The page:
Skip to navigation Skip to content



FDA Denies Approval for Lemtrada™ (alemtuzumab) for Relapsing MS

January 24, 2014

UPDATED - originally posted December 30, 2013

The U.S. Food and Drug Administration has denied approval at this time for Lemtrada™ (alemtuzumab, Sanofi Genzyme) as a therapy for relapsing MS. According to a company press release, the FDA has taken the position that one or more additional clinical trials would be needed for marketing approval of Lemtrada. The company plans to appeal the agency’s decision.

Lemtrada is given by infrequent intravenous infusion – for 5 days initially and for 3 days one year later. Details regarding its potential benefits and risks from two phase III trials can be found here. Lemtrada is currently approved in Europe, Canada and Australia.

“This is disappointing news, given the need for more therapeutic options for people with MS living in the United States,” stated Timothy Coetzee, PhD, Chief Advocacy, Services and Research Officer at the National MS Society.

During a November FDA advisory committee meeting about Lemtrada, the committee heard public testimony from people living with MS and patient advocacy groups, including the National MS Society. The Society’s testimony addressed the need for more therapeutic options for people with MS and the importance of empowering people with MS to make their own informed treatment decisions.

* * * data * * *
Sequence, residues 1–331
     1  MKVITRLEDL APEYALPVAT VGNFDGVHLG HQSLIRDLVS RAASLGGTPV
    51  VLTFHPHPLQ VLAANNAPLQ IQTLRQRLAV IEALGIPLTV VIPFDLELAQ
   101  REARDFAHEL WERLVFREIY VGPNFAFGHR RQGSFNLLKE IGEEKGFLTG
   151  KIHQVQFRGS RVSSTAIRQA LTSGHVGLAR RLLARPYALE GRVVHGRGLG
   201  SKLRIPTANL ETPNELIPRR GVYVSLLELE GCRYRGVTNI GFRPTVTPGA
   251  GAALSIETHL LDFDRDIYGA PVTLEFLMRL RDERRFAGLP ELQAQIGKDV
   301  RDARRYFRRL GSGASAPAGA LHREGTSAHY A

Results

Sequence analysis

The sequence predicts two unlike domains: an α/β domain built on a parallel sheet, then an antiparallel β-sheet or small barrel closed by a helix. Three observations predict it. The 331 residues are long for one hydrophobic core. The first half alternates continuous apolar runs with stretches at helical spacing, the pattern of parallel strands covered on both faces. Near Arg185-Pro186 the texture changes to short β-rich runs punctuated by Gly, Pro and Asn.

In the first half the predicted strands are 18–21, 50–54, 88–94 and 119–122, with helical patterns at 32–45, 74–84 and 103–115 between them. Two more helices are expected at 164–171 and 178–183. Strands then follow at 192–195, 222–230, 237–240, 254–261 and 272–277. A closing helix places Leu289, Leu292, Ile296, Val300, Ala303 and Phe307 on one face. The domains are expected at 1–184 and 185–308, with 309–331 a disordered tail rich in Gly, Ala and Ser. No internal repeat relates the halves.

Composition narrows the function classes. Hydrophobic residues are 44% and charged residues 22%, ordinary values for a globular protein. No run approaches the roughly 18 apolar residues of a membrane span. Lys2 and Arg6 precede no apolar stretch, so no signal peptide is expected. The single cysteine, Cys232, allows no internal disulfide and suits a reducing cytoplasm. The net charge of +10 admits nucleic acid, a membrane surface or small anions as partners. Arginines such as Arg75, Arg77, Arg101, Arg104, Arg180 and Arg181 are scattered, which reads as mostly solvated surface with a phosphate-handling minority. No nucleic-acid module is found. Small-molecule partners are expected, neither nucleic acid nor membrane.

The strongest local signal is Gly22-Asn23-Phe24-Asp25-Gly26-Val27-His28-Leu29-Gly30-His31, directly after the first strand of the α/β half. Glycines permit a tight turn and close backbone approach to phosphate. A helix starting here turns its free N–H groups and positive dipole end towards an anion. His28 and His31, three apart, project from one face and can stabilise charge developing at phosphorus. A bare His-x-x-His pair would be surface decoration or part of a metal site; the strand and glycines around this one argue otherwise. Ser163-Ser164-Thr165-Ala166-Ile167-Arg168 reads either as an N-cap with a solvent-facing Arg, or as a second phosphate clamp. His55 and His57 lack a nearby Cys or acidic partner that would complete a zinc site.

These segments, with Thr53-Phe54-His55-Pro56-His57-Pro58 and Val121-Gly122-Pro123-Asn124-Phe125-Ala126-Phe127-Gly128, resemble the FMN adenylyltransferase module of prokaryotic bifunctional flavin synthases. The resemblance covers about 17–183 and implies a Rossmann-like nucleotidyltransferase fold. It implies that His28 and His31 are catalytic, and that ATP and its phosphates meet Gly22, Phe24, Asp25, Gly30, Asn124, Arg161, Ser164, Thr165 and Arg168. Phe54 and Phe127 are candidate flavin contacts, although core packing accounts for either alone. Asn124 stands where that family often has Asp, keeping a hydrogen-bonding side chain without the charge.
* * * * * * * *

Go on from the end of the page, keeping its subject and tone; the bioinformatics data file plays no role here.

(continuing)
The Society will continue to monitor this process and update its constituents of any news.

The Society believes it is important for people with MS to have a voice in their own clinical care, and we also believe it’s important for the Society not to be a filter in the expression of that voice. Individuals and groups impacted by MS who want to reach out directly to the FDA to express their views about this decision can do so according to the FDA by sending an email to  We’ve also been informed that copies of these communications should go to Congressional representatives.

About Multiple Sclerosis

Multiple sclerosis is an unpredictable, often disabling disease of the central nervous system that disrupts the flow of information within the brain, and between the brain and body. Symptoms range from numbness and tingling to blindness and paralysis. The progress, severity and specific symptoms of MS in any one person cannot yet be predicted, but advances in research and treatment are leading to better understanding and moving us closer to a world free of MS. Most people with MS are diagnosed between the ages of 20 and 50, with at least two to three times more women than men being diagnosed with the disease. MS affects more than 2.3 million people worldwide.


© 2020 The National Multiple Sclerosis Society is a tax exempt 501(c)3 nonprofit organization and our Identification Number (EIN) is 13-5661935.